Reprinted with the kind permission of Dr. Mercola
By Dr. Mercola
Although many accept declining eye sight as a part of natural aging, it is really more of a side effect of our modern lifestyle. Aging does not automatically equate to failing vision, cataracts or dry eyes, provided you've properly nourished your eyes through the years. Unfortunately, statistics demonstrate that many Americans are suffering the effects of years of poor lifestyle choices. In people over age 40:1
24.4 million people have cataracts
2.7 million have glaucoma
4.2 million suffer impaired vision
4.88 million suffer dry eye
The risk of developing dry eye increases with age and women appear to suffer with the condition more than men.2 You may have experienced some of the symptoms of dry eye after having been outside in windy conditions or a long day wearing contact lenses. These symptoms may include a scratchy sensation over your eye, or feeling as if there is something in your eye. It may feel as if your eyelids are heavy, be more difficult to blink or you may experience blurred vision.
The medical term for dry eye is keratoconjunctivitis sicca. Left untreated, the condition may lead to serious damage to your eyes. In the past, dry eye was treated by adding moisture, such as normal saline. Today, there is a better understanding of the complexity of some of the substances in your tears and how they function in your eye.3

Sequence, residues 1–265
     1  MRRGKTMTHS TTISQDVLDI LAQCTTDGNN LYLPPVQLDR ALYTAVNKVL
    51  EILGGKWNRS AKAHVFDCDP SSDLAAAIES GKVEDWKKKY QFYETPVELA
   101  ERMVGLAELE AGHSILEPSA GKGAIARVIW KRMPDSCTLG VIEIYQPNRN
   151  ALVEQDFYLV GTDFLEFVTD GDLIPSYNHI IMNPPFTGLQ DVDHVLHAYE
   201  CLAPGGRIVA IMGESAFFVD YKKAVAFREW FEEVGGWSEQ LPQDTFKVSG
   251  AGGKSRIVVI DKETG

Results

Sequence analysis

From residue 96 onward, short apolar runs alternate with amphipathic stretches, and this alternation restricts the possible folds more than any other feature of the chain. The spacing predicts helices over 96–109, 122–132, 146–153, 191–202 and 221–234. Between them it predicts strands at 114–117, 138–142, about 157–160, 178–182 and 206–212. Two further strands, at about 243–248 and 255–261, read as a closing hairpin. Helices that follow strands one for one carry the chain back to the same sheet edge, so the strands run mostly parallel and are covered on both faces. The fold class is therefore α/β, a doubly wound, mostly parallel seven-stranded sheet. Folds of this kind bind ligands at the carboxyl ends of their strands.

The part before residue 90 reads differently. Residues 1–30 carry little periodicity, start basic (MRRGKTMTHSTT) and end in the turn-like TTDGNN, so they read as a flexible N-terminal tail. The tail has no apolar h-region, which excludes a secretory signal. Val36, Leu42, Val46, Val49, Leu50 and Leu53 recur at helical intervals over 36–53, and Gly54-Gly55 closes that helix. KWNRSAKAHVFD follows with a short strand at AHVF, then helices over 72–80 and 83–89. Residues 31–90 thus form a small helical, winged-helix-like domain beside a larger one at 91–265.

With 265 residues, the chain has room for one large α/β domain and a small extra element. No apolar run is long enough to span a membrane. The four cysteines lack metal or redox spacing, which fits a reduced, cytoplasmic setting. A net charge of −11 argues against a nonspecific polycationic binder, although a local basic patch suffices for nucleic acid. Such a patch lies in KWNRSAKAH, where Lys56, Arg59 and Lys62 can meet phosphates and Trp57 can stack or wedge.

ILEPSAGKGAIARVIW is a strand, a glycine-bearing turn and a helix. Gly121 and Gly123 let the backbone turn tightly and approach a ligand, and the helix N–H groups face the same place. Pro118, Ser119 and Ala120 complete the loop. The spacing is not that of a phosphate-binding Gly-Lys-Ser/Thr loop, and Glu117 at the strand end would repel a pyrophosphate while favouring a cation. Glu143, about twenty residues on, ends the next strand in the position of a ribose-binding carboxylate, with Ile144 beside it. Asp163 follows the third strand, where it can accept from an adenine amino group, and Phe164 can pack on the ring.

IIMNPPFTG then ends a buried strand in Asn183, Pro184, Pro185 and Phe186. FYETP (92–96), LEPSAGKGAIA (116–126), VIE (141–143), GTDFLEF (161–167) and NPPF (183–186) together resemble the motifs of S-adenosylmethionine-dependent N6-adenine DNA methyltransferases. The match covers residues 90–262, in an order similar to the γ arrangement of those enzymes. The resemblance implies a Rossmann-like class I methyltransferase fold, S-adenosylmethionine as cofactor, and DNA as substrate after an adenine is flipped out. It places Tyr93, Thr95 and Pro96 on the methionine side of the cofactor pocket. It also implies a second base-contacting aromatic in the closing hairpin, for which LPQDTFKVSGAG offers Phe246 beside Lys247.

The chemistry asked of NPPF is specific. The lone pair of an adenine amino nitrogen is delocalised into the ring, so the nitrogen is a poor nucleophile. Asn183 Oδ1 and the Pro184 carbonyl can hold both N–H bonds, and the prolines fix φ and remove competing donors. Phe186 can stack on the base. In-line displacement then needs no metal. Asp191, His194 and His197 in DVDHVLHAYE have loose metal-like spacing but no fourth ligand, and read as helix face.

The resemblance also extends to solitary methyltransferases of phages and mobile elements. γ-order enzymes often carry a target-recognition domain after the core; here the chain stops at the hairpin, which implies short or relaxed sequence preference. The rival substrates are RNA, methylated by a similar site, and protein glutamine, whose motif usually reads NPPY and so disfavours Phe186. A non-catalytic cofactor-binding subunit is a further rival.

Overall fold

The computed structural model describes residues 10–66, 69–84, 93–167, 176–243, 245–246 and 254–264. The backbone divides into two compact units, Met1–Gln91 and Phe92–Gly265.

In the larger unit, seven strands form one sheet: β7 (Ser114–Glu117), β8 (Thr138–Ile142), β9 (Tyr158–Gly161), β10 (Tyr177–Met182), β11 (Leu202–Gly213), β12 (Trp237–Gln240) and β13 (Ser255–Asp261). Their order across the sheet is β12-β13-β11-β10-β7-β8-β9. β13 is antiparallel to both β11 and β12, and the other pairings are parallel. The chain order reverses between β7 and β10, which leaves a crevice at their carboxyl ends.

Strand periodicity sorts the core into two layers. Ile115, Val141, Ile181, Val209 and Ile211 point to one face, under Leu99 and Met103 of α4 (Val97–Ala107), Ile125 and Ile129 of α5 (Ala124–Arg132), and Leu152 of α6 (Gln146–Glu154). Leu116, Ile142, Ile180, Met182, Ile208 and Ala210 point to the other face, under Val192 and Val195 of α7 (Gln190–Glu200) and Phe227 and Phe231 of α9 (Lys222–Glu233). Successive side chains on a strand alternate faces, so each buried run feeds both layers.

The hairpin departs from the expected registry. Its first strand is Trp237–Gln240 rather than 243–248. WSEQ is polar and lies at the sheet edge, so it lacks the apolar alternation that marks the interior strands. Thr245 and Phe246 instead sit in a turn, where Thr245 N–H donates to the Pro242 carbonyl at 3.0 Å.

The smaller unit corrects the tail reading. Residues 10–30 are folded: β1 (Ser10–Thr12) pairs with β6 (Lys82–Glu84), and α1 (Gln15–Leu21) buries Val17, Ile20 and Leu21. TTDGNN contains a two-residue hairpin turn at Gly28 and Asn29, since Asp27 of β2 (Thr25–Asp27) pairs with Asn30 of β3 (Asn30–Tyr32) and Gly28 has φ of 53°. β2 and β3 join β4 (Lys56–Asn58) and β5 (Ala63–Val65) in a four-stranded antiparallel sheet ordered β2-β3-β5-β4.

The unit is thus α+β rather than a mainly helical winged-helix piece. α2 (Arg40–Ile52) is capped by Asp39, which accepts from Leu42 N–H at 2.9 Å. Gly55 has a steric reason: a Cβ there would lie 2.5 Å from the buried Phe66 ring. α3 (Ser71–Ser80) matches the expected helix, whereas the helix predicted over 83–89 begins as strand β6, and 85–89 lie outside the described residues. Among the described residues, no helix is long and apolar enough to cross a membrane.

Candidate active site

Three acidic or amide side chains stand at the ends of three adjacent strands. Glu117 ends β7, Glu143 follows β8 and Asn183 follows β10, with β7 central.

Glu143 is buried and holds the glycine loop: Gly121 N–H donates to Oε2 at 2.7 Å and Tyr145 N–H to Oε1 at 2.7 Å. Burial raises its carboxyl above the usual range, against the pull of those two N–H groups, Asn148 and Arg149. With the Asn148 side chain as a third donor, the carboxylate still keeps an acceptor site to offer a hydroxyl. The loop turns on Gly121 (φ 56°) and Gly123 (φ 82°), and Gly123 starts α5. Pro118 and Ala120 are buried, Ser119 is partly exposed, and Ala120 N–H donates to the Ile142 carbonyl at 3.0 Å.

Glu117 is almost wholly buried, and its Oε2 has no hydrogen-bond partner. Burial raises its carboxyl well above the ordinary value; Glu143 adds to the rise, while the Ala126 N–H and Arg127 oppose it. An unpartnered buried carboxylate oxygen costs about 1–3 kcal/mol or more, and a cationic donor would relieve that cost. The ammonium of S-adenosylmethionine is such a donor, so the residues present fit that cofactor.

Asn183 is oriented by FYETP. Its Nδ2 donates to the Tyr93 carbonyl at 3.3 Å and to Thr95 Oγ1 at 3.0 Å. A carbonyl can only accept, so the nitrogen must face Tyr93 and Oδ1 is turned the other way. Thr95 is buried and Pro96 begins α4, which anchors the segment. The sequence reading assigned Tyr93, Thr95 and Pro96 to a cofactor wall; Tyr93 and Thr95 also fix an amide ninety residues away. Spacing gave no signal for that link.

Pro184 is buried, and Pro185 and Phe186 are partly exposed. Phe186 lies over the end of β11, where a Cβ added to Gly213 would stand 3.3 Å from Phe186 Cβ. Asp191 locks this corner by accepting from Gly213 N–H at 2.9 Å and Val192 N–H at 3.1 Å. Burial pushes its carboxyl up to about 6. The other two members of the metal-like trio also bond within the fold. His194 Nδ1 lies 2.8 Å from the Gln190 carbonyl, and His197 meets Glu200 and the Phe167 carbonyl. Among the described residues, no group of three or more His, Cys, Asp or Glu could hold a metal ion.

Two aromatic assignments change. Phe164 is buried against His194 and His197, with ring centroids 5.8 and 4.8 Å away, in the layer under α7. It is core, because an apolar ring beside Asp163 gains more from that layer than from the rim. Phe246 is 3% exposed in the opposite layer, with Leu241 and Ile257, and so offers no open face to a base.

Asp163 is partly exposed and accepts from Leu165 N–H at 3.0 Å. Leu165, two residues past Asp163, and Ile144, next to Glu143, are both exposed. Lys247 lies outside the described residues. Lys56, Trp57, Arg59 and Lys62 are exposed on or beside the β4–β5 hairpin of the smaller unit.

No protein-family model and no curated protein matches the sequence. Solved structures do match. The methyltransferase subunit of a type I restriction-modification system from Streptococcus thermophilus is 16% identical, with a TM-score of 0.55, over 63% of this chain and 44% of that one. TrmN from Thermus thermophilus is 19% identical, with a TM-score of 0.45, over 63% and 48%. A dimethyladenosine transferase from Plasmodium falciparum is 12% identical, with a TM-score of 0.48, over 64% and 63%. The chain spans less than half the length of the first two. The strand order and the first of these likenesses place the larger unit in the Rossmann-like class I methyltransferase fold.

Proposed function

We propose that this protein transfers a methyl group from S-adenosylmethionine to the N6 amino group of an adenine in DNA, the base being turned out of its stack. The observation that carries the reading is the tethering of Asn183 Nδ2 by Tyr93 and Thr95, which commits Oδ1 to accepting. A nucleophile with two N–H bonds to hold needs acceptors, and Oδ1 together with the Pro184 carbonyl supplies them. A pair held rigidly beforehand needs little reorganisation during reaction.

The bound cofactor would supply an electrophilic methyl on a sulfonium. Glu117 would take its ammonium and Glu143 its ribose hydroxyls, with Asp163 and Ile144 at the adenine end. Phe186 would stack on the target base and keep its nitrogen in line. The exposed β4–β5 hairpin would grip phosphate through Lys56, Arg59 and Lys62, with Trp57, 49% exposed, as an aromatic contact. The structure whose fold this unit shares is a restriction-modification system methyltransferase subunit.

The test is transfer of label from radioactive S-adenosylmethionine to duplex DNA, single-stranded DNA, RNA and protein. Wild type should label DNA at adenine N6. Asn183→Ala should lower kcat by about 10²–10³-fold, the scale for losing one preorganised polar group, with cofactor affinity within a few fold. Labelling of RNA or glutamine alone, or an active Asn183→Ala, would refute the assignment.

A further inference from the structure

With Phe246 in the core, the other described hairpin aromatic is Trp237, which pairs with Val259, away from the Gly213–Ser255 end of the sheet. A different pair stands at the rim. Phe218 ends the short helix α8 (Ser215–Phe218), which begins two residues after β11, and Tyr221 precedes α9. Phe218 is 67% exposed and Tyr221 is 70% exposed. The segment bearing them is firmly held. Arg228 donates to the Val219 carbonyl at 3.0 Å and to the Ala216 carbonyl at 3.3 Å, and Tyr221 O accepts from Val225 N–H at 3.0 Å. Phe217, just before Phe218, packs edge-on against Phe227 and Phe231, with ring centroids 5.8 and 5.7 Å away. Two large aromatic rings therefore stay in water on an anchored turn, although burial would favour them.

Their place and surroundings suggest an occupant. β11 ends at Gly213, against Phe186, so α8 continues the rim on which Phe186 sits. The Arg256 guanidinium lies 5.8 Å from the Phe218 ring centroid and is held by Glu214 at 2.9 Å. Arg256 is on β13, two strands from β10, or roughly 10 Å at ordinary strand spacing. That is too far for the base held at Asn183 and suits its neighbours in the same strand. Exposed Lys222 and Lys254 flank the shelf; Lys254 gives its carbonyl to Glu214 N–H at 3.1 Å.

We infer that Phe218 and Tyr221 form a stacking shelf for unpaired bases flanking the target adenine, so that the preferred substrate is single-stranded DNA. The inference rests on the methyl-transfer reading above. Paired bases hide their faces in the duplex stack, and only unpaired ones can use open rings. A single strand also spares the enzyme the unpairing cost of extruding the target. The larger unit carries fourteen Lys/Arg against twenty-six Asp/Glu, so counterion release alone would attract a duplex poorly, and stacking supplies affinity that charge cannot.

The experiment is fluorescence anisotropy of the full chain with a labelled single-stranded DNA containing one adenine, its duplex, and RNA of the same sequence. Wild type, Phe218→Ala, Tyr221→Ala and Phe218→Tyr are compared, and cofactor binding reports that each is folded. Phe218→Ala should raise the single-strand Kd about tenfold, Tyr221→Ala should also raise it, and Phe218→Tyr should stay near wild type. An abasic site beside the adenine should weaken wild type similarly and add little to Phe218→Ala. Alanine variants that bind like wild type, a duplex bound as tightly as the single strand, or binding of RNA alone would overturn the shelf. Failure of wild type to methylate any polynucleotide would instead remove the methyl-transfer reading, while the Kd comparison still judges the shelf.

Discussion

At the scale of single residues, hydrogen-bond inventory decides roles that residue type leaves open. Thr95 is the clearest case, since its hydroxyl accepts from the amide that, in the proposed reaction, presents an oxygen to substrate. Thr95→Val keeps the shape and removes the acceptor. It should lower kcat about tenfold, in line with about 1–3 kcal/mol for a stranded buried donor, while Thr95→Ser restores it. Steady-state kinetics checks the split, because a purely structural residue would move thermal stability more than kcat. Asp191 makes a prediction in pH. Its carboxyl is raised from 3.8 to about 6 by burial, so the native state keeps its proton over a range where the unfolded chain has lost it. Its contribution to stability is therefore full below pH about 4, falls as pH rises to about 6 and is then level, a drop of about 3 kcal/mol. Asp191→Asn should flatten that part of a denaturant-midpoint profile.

Three Layers to a Teardrop
There are several layers to the tears your eyes produce naturally, and up to 1,500 proteins.4 Tears are actually a complex mix of mucus, water, fatty oils and different proteins designed to keep the surface of your eye smooth and protected from environmental pathogens and irritants. You have three different types of tears and each has a different chemical mix produced by three different glands.5
Meibomian glands produce an outer, oily layer that keep your tears from evaporating too quickly, thus enabling the tears to remain on your eye and protect the organ.